One of my favorite California State Parks is Angel Island. I love to just sit on the benches there with the nice view of the SF Bay Area. I think it is refreshing and peaceful. I have always thought that it will be nice to spend a day working in Angel Island sitting on one of the picnic table areas or benches. Maybe even blog the whole day there. &#59;D

Connectivity may soon be possible. According to an article by the New York Times Wireless Deal for California Parks , “The state last week announced a deal with SBC Communications to provide wireless Internet access points in 85 state parks. Now park visitors can take laptop computers and other portable devices to connect to the Internet from areas formerly known as 'wilderness'."

Yes, I'm hopeful that wireless connectivity becomes a reality in Angel Island soon ...

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The TeleInterActive Lifestyle is about the business processes, life choices, management challenges and technical issues facing organizations and individuals as individuals and organizations adopt the Internet of Things, Mixed Reality, wireless networks of all levels, mobile devices, long-distance collaboration, social networks, digital transformation, and adjust to growing urbanization.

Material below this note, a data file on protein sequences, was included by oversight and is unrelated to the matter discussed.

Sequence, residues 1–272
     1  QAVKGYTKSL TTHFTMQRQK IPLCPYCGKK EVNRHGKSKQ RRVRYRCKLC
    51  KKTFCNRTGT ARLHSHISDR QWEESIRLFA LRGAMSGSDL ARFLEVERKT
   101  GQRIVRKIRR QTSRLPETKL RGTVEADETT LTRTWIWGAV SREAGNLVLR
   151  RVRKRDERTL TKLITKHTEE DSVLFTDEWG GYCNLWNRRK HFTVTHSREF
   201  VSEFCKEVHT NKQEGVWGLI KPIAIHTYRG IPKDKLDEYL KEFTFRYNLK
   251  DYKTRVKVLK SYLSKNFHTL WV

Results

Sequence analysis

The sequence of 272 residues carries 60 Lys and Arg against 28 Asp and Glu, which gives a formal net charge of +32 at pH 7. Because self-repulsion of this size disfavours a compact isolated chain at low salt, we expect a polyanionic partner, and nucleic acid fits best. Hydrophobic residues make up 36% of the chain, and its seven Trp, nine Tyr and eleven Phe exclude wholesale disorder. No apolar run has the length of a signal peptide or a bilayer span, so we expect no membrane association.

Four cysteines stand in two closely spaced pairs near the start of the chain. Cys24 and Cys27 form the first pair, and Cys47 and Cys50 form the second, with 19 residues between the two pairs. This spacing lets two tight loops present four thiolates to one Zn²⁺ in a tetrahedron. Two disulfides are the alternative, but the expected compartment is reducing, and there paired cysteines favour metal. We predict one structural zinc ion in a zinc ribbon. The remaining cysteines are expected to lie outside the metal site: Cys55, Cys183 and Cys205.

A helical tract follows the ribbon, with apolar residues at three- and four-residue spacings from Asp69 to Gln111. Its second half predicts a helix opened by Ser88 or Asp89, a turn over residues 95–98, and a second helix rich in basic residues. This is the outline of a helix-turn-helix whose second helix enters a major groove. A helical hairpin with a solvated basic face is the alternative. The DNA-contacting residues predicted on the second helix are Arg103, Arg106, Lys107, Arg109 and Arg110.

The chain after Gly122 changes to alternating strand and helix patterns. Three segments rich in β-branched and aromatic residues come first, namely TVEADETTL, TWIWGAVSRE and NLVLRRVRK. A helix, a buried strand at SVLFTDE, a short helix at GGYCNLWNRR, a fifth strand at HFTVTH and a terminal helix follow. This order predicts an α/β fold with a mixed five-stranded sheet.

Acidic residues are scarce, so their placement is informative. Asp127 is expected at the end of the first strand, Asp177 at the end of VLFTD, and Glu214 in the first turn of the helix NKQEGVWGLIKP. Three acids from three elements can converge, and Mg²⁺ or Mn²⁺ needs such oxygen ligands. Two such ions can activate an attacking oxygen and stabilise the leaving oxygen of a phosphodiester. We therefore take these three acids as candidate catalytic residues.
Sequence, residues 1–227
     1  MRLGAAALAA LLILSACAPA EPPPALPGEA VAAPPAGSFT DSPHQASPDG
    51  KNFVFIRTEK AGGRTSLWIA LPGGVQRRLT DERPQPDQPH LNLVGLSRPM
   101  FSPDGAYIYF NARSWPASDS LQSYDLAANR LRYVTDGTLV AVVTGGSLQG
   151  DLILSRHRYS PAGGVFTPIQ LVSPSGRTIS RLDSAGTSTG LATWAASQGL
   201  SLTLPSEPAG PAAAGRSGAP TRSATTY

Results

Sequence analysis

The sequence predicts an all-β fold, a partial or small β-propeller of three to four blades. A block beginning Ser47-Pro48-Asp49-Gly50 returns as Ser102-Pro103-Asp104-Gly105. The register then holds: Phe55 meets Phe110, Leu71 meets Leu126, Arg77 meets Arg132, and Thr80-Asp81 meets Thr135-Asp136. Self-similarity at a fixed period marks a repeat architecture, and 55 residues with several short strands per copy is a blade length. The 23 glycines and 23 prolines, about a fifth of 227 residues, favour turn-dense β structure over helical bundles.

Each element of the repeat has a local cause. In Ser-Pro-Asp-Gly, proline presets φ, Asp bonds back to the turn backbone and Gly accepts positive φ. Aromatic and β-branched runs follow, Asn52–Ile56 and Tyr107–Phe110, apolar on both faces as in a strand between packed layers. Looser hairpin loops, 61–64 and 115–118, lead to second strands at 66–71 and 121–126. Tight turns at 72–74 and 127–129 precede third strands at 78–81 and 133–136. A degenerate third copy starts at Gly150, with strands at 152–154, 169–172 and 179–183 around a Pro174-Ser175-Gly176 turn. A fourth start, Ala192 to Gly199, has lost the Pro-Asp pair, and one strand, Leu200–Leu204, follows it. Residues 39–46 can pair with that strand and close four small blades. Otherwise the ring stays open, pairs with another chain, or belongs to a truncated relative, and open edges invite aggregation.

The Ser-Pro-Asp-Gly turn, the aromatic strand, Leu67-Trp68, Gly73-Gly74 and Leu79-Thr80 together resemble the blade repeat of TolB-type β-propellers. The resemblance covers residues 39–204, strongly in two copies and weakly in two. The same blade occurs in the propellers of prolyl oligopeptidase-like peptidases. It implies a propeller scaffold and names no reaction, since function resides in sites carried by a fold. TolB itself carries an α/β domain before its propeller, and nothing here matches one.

Sensor Analytics Ecosystems for the Internet of Things (SAEIoT) brings value from emerging technologies through data management and analytics, advances in data science, as the IoT matures through the 5Cs: Connection, Communication, Contextualization, Collaboration and Cognition. The socialization of machines will allow for Privacy, Transparency, Security and Convenience to be flexibly provided with two-way accountability to build Trust among Humans and Machines.

AsDataArchon, we have evolved our consulting data scientist work from learning how to incorporate sensor analytics into data warehouses, business intelligence and analytics to focusing on IoT data management and forming sensor analytics ecosystems.